What do you get when you cross a booze enthusiast with an amusement park designer? The Willy Wonka of whiskey, who has turned your regular run-of the mill distillery tour on its head, creating an adults-only theme park.
Bryan Davis and his partner Joanne Haruta recreate alcohol from decades past with a Jurassic Park-like science, hence the name 'lost spirits'. Whiskies and rums that taste like they've aged 20 years are produced at lightning speed and have been gathering accolades since the distillery flung open its mysterious door back in 2016.
This may not please purists of the whiskey industry, who've spent thousands of dollars ageing their drink. So their first 'immoral' whiskey iteration became known as "Abomination'.
"Welcome to the jungle," Davis beckons to our group. We've stepped through a door with an old-fashioned brass door knocker shaped in the head of an indistinguishable creature. Despite this, it's just another inconspicuous building in downtown LA's arts district. Nothing to see here, folks. Move along.
What we've stepped through to, however, is another world. A colonial-era verandah looks out to a strange tropical jungle, filled with chirping crickets, colourful, conversational birds and other bizarre creatures. Then there's a sudden thunderstorm on this sunny LA day . It's The Island of Dr Moreau meets Pirates of the Caribbean for grown-ups. "You can't make rum in a dry arid climate, you need a hot humid jungle. So we built one," Davis explains.
Like the mad scientist in HG Wells's 1896 tale, Davis spent seven years trying to "hack" the whiskey method. Using modern analytical chemistry, Lost Spirits were able to replicate the chemical reactions which take place as spirits age in barrels. The result was 'aged' whiskey in under a week. Properly aged bottles routinely cost more than $1000 each; Lost Spirits are able to sell them at the much friendlier price point of $US40.
While science is key to Lost Spirits, art school graduate Davis doesn't hold any sort of science degree. He downloaded everything he needed to know from the internet.
"You can get a lot from Wikipedia, clicking through each word you don't recognise, and MIT have their entire coursework online so you can learn for free."
While we're digesting the DIY science lesson behind the distillery's success, we're ushered onto a barge, which Davis remarks is inspired by Fred Flintstone, motioning towards his foot which sets the boat in motion along the distillery "river". He spends a lot of the tour smiling and laughing, often reacting to the expressions of delight on people's faces.
Another chariot awaits to take us to the next part of the distillery, and we're plunged further into the warehouse district of downtown LA. In fact we've got no idea where we are going, which is the illusion Davis wants to create.
"Amusement parks are generally for children only because adults don't really let themselves drift into an imaginary world. Building it around booze works," he explains, chuffed as we gaze in awe at the round "windows" which appear to be filling with water.
"We originally fitted [the vehicle] with a GPS blocker that would show on your phone that you were in the South China Sea. Then we discovered it was a felony." he laughs. "It screws everyone around you too, so if a taxi was heading in the opposite direction they may suddenly find themselves in the Nanking Trench."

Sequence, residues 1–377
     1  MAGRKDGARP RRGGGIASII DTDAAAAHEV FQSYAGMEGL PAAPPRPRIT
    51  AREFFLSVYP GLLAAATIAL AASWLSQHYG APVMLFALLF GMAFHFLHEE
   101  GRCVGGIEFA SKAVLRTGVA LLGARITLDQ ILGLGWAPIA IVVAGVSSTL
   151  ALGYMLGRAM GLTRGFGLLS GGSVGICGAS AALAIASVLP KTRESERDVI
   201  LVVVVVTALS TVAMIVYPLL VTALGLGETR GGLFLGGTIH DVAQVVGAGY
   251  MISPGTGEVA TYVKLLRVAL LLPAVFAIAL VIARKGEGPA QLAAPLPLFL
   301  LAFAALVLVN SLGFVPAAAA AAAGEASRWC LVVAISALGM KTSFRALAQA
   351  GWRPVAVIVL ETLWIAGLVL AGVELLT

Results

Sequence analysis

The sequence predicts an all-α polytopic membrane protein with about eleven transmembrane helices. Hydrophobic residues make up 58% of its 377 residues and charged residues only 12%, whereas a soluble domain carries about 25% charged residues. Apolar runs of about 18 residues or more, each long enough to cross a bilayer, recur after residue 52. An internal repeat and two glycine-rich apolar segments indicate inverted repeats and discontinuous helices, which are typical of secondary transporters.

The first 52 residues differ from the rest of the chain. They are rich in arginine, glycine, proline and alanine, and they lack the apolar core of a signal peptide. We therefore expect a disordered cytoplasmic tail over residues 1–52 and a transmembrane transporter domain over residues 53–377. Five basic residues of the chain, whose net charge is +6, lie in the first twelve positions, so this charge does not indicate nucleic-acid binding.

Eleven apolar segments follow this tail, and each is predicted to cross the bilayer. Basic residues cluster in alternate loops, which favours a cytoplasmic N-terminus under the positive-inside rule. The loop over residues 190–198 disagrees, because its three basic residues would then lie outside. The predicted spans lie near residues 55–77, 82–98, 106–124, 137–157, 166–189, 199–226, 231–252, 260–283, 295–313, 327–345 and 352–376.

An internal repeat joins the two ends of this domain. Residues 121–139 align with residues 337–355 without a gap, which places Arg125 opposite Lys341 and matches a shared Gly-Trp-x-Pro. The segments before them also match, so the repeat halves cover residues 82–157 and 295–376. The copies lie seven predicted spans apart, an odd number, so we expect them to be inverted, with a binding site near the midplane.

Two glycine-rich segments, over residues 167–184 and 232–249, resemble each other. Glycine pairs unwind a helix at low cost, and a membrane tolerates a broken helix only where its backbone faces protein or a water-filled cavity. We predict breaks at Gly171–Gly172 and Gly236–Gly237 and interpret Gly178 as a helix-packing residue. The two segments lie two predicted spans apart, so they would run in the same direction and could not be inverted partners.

But this is just a small challenge for a distillery that ages whiskey in a week.
We're escorted through a maze of vines, whistling cicadas and talking parrots to a showcase of Jamaican and Navy rums. Davis takes great delight in describing the "super cool" production process for Jamaican rum in Jamaica. It involves a sacrificed goat's head, left in the sun for a week to go rotten, and rolled it into a pit to use as a "metal" bacteria starter, creating a "horrible rotten cesspool of doom". Known as a 'dunder pit', distillers use the putrid liquid in their fermentation tanks and the end result is, surprisingly, fruity rum flavours. Understandably, there's a few uneasy laughs and expressions of disbelief. "It's totally a thing!" he maintains, and he's right.
Visitors will be relieved to know no goat was sacrificed for the rum at Lost Spirits, but the same guarantee cannot be made for any Jamaican-produced rum you drink outside this distillery.
A phantasmagorical carriage takes us past the precious rapid-aging alcohol reactor through to a bright white room which resembles a lab. Incredibly, it has a GC-MS machine - you know, the kind forensic scientists use to solve crimes. This can also be used to map the chemical fingerprint of a decommissioned spirit.
It's here where Davis' explains his current project - to create a rum that was used to make mai tais. Problem is it stopped being made in the 1950s.
The key to finding it is to first get a sample of the rum, which has proven tricky. They just need a drop but they also need to source the endangered chestnut wood the barrels were made of. The fascinating story behind the search is saved for the tour's grand finale and is almost deserving of an award from the Academy itself.
As for the search, "We are about two years and $30,000 into it," Davis laughs and adds, "We don't even know what it tastes like!"
The writer was a guest of United Airlines and Discover Los Angeles
More information about Lost Spirits distillery and tickets to the distillery tours can be found at lostspirits.net
United Airlines flies to Los Angeles daily from Sydney and from Melbourne three days a week. See United.com
Figueroa Hotel is a new, hip boutique hotel in the heart of Downtown LA with excellent nightlife under its roof, including two bars and a restaurant.